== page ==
A Book of Myths
Page: 31“Thou must dree thy weird like all other daughters of men, fair Psyche,” he said. “He or she who fain would lose their lives, are ever held longest in life. Only when the gods will it shall thy days on earth be done.”
And Psyche, knowing that in truth the gods had spared her to endure more sorrow, looked in his face with a very piteous gaze, and wandered on. As she wandered, she found that her feet had led her near the place where her two sisters dwelt.
“I shall tell them of the evil they have wrought,” she thought. “Surely they must sorrow when they know that by their cruel words they stole my faith from me and robbed me of my Love and of my happiness.”
Gladly the two women saw the stricken form of Psyche and looked at her face, all marred by grief. Well, indeed, had their plot succeeded; their malice [Pg 60] had drunk deep, yet deeper still they drank, for with scornful laughter they drove her from their palace doors. Very quickly, when she had gone, the elder sought the place where she had stood when Zephyrus bore her in safety to that palace of pleasure where Psyche dwelt with her Love. Now that Psyche was no longer there, surely the god by whom she had been beloved would gladly have as her successor the beautiful woman who was now much more fair than the white-faced girl with eyes all red with weeping. And such certainty did the vengeful gods put in her heart that she held out her arms, and calling aloud:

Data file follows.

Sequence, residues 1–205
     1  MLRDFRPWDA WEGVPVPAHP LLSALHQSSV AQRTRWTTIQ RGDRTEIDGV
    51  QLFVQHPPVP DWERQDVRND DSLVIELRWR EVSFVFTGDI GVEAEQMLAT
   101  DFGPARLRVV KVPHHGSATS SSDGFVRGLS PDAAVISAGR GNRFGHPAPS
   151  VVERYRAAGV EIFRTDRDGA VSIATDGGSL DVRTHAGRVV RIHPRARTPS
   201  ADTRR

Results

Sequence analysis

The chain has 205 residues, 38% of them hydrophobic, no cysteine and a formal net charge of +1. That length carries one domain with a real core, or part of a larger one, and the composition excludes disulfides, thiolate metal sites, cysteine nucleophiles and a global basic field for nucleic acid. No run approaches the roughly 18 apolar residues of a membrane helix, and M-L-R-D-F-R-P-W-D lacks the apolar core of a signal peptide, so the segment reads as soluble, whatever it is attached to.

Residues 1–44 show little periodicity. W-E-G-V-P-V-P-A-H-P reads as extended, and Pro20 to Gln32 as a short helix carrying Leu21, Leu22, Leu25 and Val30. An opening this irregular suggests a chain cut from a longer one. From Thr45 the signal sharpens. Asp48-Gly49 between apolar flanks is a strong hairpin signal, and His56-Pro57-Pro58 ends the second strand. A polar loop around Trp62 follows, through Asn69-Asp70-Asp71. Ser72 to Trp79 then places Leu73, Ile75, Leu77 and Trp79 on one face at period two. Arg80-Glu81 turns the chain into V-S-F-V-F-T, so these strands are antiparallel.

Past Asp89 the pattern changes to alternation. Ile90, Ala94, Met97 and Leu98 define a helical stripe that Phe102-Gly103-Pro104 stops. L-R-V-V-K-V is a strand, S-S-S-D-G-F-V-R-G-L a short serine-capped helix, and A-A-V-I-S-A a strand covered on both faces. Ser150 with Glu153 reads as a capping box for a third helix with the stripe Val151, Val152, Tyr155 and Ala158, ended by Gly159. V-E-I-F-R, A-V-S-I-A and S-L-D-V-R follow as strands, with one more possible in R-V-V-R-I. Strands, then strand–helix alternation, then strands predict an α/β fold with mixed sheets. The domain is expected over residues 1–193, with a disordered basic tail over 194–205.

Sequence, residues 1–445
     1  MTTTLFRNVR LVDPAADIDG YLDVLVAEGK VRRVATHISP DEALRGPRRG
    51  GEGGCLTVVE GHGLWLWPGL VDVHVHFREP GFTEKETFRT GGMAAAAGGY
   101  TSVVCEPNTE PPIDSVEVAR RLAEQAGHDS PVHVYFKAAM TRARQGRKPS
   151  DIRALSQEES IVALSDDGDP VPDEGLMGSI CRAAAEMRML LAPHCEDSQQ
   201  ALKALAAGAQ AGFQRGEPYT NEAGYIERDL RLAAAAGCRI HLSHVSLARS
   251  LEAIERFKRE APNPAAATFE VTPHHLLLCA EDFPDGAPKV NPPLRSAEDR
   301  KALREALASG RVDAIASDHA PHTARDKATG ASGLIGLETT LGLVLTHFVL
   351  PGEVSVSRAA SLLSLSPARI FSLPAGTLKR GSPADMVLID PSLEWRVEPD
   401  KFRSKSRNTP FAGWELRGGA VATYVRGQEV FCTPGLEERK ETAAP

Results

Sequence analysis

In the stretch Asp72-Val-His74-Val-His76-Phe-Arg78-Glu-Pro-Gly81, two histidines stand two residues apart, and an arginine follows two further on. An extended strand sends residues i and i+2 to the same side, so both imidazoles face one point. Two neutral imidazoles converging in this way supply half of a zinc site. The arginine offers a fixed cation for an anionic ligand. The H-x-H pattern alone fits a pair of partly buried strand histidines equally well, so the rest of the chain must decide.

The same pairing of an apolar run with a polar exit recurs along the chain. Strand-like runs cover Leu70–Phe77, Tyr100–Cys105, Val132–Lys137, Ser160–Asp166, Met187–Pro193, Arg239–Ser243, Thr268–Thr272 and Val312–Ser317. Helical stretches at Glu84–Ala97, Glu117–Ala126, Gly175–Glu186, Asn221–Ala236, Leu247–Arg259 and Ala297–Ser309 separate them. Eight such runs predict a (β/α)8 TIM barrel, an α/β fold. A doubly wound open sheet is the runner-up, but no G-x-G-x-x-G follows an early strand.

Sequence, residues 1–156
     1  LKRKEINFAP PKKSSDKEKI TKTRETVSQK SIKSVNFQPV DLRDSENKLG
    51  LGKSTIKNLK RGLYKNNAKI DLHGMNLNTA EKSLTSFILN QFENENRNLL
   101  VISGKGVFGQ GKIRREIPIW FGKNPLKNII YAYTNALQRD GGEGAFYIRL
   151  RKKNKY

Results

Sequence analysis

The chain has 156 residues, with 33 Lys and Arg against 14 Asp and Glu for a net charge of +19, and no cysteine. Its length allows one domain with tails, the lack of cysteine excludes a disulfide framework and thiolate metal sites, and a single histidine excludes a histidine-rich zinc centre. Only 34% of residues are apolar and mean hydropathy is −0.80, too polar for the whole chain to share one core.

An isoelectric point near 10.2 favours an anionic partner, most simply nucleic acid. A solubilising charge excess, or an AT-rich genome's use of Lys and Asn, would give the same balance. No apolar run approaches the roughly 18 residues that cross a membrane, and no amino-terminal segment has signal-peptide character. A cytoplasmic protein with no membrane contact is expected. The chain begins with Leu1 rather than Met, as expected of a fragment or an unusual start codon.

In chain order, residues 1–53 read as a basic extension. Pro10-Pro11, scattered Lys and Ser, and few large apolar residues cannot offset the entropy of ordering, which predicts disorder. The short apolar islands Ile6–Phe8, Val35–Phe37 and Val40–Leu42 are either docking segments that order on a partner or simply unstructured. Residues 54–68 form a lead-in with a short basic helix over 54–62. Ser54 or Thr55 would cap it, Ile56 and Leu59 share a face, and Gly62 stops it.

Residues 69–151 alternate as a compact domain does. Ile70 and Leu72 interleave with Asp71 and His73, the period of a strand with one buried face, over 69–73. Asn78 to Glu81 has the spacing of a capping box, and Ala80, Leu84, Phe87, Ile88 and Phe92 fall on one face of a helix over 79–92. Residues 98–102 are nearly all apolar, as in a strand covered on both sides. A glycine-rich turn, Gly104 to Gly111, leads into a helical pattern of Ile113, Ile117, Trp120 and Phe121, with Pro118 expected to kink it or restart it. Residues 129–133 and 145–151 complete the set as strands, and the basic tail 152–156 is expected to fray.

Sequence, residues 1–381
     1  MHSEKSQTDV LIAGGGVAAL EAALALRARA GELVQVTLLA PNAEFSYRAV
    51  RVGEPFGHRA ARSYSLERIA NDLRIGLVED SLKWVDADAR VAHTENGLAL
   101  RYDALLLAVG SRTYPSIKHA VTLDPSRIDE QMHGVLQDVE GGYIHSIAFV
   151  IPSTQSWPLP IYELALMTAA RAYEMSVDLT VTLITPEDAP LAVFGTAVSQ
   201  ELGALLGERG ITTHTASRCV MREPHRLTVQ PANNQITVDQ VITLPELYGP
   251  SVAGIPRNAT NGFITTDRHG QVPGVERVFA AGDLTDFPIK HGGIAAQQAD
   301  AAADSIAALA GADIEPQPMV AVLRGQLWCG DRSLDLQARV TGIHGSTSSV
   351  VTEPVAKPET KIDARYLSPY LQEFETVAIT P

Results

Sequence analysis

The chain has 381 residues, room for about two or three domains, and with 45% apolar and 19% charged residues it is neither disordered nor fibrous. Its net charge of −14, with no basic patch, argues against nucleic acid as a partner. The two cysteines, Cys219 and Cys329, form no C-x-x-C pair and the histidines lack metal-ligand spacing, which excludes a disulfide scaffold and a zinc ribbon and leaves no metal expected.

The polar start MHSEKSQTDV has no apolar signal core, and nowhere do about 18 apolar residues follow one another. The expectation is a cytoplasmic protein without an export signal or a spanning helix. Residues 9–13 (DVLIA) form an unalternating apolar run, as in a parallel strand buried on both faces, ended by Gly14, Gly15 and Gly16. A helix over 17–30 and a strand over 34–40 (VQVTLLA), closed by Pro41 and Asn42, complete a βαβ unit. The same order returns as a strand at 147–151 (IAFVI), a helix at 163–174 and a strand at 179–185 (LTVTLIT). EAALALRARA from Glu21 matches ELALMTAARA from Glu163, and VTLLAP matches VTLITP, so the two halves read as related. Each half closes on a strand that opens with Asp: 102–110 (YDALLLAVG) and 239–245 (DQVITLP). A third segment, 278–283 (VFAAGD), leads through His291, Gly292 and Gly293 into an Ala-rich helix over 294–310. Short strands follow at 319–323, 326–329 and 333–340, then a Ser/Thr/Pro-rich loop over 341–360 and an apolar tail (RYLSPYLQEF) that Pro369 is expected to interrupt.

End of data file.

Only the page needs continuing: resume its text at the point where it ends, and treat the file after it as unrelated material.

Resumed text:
“Bear me to him in thine arms, Zephyrus! Behold I come, my lord!” she sprang from the high cliff on which she stood, into space. And the ravens that night feasted on her shattered body. So also did it befall the younger sister, deluded by the Olympians to her own destruction, so that her sin might be avenged.
For many a weary day and night Psyche wandered, ever seeking to find her Love, ever longing to do something by which to atone for the deed that had been her undoing. From temple to temple she went, but nowhere did she come near him, until at length in Cyprus she came to the place where Aphrodite herself had her dwelling. And inasmuch as her love had made her very bold, and because she no longer feared death, nor could think of pangs more cruel than those that she already knew, Psyche sought the presence of the goddess who was her enemy, and humbly begged her to take her life away.
But thou shalt reap the harvest thou hast sown,
And many a day that wretched lot bemoan;
Thou art my slave, and not a day shall be
But I will find some fitting task for thee.”